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Pluto-Bound Probe Passes Mars’ Orbit

New Horizons Pluto Probe Readied For Launch
To be dispatched early 2006, the outward bound New Horizons spacecraft will throw new light on distant Pluto and its moon, Charon, as well as Kuiper Belt objects. Image (Image credit: Dan Durda)

NASA's NewHorizons probe has left the inner planets of the Solar System behind as it streakstoward a rendezvous with Pluto and its moons.

The spacecraft, billed as NASA'sfastest-flying probe, hurtled past the orbit of Mars - though not the planetitself - Friday on its way towards a Jupiter flyby and its more distant target Pluto.

"It'spretty amazing," New Horizons principal investigator AlanStern told SPACE.com. "It'sa straight line across the Solar System. There are hardly any curves becausethis is so fast."

New Horizons sped past Mars'orbit some 151 million miles (243 million kilometers) from the Sun at a rate ofabout 13 miles (21 kilometers) per second. The red planet, however, trailedbehind the spacecraft at a distance of about 186 million miles (299 millionkilometers), mission managers said, adding that New Horizons was closer toEarth than Mars.

NASA launchedNew Horizons, a piano-sized spacecraft weighing about 1,054 pounds (478 kilogram),atop a Lockheed Martin-built Atlas 5 rocket - its most powerful booster - to flingthe Pluto-probe spaceward on Jan. 19, 2006.

Six of the probe's seven scienceinstruments have already been checkedfor their health as the spacecraft heads towards Jupiter, where it will usethe giant planet's gravity to boost its way on to Pluto and the icyobject-filled Kuiper Belt.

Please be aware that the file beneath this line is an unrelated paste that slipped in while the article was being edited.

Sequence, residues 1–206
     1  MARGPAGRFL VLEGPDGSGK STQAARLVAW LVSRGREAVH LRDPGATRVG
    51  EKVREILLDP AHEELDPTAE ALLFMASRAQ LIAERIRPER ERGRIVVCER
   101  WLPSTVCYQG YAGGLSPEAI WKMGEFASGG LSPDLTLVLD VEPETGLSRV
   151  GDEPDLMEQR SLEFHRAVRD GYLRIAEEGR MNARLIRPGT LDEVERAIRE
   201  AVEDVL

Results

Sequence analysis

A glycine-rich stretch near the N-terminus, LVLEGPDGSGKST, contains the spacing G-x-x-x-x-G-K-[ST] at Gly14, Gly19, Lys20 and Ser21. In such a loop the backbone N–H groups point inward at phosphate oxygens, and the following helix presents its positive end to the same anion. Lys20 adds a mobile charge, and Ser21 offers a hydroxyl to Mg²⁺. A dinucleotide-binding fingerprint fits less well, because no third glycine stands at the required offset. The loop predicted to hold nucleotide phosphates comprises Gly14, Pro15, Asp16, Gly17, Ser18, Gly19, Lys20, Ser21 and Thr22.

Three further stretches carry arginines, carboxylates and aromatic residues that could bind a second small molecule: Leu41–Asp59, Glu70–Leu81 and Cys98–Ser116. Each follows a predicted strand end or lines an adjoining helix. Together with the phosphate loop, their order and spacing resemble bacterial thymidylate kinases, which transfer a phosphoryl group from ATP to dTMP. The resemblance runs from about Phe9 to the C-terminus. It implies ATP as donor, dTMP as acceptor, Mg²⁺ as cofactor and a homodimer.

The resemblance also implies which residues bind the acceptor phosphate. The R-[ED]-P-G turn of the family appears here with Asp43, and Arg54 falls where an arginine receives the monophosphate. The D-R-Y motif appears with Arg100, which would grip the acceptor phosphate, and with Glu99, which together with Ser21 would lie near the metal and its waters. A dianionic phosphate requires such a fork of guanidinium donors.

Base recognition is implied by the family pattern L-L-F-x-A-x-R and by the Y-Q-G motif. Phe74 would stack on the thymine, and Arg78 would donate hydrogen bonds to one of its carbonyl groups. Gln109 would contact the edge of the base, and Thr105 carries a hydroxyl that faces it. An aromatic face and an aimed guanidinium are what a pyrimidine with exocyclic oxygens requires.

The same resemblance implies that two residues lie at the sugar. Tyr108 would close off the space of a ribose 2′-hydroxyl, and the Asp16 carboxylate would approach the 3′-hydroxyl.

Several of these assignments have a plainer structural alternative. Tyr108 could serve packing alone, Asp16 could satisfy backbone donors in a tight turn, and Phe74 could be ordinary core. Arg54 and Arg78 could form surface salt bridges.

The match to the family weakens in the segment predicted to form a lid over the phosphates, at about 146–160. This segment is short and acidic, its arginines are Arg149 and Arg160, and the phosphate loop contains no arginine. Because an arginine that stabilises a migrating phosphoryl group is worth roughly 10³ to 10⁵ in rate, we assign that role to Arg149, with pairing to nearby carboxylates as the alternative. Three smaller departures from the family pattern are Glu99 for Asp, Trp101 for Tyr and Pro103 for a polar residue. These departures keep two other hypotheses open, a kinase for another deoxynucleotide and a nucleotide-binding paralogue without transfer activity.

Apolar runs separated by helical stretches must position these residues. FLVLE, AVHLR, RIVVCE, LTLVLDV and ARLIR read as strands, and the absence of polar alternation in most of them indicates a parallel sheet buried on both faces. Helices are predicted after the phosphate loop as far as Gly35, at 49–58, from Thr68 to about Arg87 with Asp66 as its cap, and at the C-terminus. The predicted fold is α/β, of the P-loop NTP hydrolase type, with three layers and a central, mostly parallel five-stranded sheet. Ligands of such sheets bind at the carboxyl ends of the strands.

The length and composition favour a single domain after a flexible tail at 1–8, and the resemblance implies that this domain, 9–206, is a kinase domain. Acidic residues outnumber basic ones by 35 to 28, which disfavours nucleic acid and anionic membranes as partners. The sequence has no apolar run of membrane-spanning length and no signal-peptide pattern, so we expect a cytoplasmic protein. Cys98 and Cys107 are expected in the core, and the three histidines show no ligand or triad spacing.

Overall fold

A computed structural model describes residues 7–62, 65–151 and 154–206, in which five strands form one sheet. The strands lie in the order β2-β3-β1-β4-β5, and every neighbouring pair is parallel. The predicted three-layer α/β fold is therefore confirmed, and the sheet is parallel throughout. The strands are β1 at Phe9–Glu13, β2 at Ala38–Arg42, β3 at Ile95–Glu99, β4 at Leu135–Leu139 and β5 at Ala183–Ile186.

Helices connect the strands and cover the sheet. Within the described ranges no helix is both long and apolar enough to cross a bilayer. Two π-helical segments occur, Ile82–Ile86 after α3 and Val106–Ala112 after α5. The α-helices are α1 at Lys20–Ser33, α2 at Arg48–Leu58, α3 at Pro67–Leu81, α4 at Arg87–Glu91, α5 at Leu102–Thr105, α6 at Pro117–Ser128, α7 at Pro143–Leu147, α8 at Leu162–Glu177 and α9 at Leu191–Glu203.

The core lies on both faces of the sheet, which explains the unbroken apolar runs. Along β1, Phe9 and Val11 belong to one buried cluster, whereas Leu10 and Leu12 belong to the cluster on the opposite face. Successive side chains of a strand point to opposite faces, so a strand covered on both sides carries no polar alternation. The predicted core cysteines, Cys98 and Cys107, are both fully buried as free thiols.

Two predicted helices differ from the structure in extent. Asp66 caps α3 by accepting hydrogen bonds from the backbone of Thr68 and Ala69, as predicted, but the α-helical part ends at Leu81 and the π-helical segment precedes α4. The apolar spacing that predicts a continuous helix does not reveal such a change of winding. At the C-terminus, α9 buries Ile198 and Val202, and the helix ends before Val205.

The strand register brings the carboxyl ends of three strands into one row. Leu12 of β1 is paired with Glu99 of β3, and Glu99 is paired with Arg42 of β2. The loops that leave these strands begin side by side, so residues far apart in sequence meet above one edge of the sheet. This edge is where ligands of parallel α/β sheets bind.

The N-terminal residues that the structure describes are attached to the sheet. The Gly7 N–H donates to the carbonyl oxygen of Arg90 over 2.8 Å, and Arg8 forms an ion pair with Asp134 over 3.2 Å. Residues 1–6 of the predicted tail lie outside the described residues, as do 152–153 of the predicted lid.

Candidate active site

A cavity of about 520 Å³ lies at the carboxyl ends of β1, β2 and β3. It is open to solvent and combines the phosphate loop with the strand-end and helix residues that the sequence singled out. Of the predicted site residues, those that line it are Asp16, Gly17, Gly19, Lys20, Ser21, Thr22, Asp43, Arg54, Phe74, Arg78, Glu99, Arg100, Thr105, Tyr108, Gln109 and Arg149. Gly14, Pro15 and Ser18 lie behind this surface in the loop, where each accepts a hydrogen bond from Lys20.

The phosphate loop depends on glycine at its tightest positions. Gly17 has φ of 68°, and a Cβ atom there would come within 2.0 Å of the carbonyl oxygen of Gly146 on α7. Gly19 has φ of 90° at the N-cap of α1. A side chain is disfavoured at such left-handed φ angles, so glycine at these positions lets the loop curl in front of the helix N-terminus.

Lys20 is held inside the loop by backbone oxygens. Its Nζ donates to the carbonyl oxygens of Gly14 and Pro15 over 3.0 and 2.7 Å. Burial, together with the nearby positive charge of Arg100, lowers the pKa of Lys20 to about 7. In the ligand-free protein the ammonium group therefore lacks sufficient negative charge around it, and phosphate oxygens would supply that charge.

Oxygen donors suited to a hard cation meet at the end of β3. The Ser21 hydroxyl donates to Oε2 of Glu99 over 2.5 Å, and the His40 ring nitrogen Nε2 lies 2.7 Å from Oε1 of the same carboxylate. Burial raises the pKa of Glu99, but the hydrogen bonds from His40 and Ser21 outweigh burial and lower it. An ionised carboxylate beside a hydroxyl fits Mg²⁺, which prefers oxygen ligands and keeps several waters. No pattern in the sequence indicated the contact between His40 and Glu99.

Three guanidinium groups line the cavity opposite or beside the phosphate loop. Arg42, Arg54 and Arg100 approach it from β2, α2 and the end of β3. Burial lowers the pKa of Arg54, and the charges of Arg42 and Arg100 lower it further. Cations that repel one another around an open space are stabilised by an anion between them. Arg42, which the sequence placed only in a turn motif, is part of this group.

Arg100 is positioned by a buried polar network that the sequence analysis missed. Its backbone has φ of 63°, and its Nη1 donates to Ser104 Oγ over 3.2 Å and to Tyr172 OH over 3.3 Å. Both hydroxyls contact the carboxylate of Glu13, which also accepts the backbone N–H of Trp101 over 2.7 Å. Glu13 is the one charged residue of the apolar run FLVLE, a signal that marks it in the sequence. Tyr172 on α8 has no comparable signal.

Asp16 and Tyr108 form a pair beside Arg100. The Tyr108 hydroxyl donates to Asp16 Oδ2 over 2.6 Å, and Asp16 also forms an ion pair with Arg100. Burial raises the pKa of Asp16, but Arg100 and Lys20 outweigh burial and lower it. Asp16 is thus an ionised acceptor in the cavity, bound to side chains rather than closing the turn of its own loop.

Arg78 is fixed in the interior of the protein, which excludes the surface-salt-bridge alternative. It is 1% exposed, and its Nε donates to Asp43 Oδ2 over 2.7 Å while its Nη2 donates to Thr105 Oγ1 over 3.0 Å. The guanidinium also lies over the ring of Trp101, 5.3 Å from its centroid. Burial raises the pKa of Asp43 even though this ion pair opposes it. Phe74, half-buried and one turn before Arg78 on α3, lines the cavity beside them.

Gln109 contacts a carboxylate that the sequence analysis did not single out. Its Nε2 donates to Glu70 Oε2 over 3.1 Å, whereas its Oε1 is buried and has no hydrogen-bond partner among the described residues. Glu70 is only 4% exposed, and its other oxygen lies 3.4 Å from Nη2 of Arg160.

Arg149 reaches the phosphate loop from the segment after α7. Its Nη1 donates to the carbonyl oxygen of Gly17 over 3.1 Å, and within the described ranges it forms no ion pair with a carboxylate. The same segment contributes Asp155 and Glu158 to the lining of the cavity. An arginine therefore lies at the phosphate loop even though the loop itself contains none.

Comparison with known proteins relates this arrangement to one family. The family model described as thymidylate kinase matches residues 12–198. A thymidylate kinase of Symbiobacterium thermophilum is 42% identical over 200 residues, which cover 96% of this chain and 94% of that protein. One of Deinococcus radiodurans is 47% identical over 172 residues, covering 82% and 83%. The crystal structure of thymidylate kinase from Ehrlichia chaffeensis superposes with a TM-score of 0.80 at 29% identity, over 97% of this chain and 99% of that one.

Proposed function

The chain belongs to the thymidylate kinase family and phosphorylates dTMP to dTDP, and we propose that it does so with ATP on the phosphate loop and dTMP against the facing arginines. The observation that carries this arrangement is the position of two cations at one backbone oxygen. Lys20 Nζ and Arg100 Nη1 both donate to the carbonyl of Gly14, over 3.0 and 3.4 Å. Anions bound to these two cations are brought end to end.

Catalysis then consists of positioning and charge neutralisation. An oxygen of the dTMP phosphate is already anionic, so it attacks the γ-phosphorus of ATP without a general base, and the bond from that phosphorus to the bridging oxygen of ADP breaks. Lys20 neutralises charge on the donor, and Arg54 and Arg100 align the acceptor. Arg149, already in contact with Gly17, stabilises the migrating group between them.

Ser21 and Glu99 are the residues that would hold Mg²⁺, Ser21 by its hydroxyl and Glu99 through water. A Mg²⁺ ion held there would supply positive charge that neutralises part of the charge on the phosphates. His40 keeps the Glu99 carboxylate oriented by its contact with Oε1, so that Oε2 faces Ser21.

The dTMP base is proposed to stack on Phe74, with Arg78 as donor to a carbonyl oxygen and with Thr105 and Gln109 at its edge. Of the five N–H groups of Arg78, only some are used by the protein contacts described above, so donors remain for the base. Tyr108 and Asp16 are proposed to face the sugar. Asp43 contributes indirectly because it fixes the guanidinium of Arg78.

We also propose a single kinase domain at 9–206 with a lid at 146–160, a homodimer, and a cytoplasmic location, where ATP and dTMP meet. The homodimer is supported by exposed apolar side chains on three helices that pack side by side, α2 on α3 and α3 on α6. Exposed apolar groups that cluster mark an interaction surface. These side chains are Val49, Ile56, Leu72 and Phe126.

But first, the spacecraft must passthrough the AsteroidBelt, which despite its reputation is primarily made up of empty spacerather than a teeming rock field, mission managers said.

"We won't be hit," said Stern, theexecutive director of the space science and engineering division at theSouthwest Research Institute in Boulder, Colorado. "We won't even come closeenough to make any useful science observations of asteroids. They're reallyvery far apart."

New Horizons is expected to fly pastPluto and its moons July 2015. The spacecraft is due to make its closestapproach to Jupiter on Feb. 28, 2007.

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Tariq Malik

SPACE.COM EDITOR IN CHIEF — Tariq joined the Space.com team in 2001 as a staff writer, and later editor, covering human spaceflight, exploration and space science. He became Space.com's Managing Editor in 2009. Before joining Space.com, Tariq was a staff reporter for The Los Angeles Times. He is also an Eagle Scout (yes, he has the Space Exploration merit badge) and went to Space Camp four times as a kid and a fifth time as an adult. He has journalism degrees from the University of Southern California and New York University. To see his latest project, you can follow Tariq on Google+, Twitter and on Facebook.